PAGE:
Performance matters: How you can use the Internet.org Innovation Lab to ensure apps work everywhere
Guest post by Kashaf Mazhar, Solution Architect Business Unit Global Services at Ericsson
According to the November 2015 Ericsson Mobility Report, more than 3.6 billion people have mobile broadband subscriptions. This means that every one of these people can seamlessly use all apps in their respective countries, right? Unfortunately, it doesn’t quite work this way. The app that opens immediately on a device in the United States where it was developed may be painfully slow over a low-bandwidth Internet connection in Ethiopia. With consumers today operating in different network environments (2G, 3G, 4G, Wi-Fi) on multiple mobile operating systems and a wide range of devices, the complexity involved for developers can be overwhelming. Through the Internet.org Innovation Lab, Ericsson and Facebook are partnering to help developers ensure that app performance remains consistent, across different environments.
In early 2015, the Internet.org Innovation Lab opened on Facebook’s Menlo Park campus, providing developers with testing environments and expert advice to optimize apps for users worldwide. The testing environments are run on Ericsson’s leading edge network technology GSM, WCDMA and LTE, allowing developers the opportunity to test in a variety of network conditions – similar to those found in Africa, Asia Pacific, India, and Latin America – without having to travel to each location.
In the lab, application testing is not necessarily limited to developing countries. Chances are, we have all experienced app issues in rural areas with poor coverage or in crowded events with 15,000 other screaming fans. In the Innovation Lab, developers can see HOW their app behaves in such conditions, WHICH issues it exhibits, WHY performance degradation occurs, and WHAT measures can be taken to get the optimal settings. Tools like RF shielded boxes, radio channel attenuators or variable Q0S SIM profiles are available for use by developers while apps are stress tested for functionality.
We believe that great apps should work everywhere. If you are a developer interested in visiting us for an application test session, request a time here. Together, we can work to create a high-quality experience for the next five billion connected users, even people in low-bandwidth areas.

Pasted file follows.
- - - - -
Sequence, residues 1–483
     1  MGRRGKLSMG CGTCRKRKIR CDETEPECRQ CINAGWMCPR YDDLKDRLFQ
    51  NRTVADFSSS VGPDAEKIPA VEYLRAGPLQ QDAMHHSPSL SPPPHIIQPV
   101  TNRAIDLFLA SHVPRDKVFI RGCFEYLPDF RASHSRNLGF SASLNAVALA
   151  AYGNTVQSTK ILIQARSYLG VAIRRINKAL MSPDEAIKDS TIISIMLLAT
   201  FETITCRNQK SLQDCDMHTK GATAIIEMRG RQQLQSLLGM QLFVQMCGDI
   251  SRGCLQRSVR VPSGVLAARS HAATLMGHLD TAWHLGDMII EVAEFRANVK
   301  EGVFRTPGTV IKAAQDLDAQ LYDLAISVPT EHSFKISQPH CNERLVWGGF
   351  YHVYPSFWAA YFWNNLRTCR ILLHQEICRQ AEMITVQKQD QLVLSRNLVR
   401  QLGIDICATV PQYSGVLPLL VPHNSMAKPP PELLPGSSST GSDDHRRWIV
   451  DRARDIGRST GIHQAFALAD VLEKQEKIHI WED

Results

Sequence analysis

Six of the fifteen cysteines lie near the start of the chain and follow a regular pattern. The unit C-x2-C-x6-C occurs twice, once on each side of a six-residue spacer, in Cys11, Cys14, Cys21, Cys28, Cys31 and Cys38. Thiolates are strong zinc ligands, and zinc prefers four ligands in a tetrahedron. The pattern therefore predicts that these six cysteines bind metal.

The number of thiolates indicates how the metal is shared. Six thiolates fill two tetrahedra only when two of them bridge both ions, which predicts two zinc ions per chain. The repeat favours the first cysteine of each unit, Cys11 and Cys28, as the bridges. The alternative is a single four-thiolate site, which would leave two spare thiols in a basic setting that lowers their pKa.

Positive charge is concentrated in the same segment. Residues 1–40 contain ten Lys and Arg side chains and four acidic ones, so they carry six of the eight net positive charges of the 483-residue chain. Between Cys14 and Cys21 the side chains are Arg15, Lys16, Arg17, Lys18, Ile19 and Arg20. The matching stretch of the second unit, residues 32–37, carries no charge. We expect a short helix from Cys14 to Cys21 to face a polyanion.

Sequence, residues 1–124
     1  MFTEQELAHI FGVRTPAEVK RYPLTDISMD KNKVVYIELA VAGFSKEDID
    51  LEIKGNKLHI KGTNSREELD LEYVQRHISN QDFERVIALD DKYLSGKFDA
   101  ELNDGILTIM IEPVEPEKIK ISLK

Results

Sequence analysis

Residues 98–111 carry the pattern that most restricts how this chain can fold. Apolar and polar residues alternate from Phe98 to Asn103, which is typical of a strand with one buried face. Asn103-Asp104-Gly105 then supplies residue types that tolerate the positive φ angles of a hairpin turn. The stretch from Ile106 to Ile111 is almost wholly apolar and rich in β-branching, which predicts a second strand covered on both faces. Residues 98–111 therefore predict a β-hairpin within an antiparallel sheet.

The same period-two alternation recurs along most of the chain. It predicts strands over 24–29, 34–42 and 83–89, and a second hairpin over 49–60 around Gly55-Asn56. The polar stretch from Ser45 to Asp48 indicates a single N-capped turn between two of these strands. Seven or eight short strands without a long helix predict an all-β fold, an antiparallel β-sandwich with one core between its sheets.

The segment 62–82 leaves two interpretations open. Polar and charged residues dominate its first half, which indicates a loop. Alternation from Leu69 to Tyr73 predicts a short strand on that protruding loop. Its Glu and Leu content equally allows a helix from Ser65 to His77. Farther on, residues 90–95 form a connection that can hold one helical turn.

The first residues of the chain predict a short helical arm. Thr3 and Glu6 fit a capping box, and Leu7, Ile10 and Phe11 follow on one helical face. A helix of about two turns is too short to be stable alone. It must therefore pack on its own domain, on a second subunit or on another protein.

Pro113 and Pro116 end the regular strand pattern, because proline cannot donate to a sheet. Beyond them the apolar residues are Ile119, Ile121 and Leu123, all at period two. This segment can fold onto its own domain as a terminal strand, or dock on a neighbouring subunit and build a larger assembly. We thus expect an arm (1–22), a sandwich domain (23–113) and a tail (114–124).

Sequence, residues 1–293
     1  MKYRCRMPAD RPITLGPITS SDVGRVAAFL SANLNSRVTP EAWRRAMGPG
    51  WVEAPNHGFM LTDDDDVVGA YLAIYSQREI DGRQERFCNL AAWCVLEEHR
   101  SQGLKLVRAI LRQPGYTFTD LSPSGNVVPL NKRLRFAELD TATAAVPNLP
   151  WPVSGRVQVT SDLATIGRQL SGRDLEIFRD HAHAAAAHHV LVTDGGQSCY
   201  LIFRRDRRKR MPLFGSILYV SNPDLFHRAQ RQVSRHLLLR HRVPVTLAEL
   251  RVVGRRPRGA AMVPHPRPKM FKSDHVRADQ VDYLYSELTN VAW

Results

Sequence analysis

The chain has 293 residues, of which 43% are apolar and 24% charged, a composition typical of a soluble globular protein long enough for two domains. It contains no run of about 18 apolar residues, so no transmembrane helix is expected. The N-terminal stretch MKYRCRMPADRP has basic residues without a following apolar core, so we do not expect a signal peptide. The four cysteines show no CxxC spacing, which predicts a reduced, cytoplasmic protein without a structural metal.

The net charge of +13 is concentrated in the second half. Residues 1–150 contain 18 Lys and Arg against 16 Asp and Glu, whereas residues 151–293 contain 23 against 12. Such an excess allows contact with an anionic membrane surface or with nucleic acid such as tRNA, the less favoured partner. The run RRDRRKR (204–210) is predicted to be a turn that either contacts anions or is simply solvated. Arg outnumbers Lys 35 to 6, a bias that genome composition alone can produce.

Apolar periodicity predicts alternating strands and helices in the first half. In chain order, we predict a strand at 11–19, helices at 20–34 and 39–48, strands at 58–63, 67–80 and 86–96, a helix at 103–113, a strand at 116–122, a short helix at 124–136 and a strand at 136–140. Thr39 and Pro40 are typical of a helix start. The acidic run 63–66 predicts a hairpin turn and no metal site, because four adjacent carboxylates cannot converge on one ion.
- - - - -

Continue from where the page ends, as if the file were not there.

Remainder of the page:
7 Questions Developers Ask About the Innovation Lab
1. How can we schedule time to come to the Lab?
You can request time in the lab by signing up here.
2. Do I need to sign any paper work?
Yes. After you have successfully scheduled a time to visit the Innovation Lab, you will be sent an invitation e-mail along with a NDA document. This document needs to be signed and either sent back through e-mail or brought with you during your visit. The lab is located on Facebook (FB) Menlo Park Campus. Any visitor arriving at FB is also required to sign an electronic NDA to enter the FB campus.
3. What network environments are available?
With the help of Ericsson, we have set up the lab to duplicate network conditions from different regions (support for both urban and rural environments). The lab supports all wireless technologies including GSM, WCDMA, and LTE. The regions supported are:
Region 1 – Africa
Region 2 – India
Region 3 – LATAM
Region 4 – ASIA pacific
4. What can I test?
The lab provides emulation of mobile network conditions form different parts of the world. You can imagine that you are physically located in a different country and are using the handset. This gives you visibility into how users of that region interact and see your application. The lab does not limit any testing and you should be able to test performance of your application based on different network conditions.
5. What devices are available for testing?
We have variety of Android devices from different regions and some feature phones with proprietary OS as well.
6. Can I bring my own device?
Yes, as long as the phone is unlocked and can access any SIM card.
7. What do we need to prepare before we come?
In general, you should focus on what you like to test and have a test plan in mind. You need to decide on the following:
– Are you testing an application or mobile web?
– What OS is your target testing?
– What region?
– Which devices?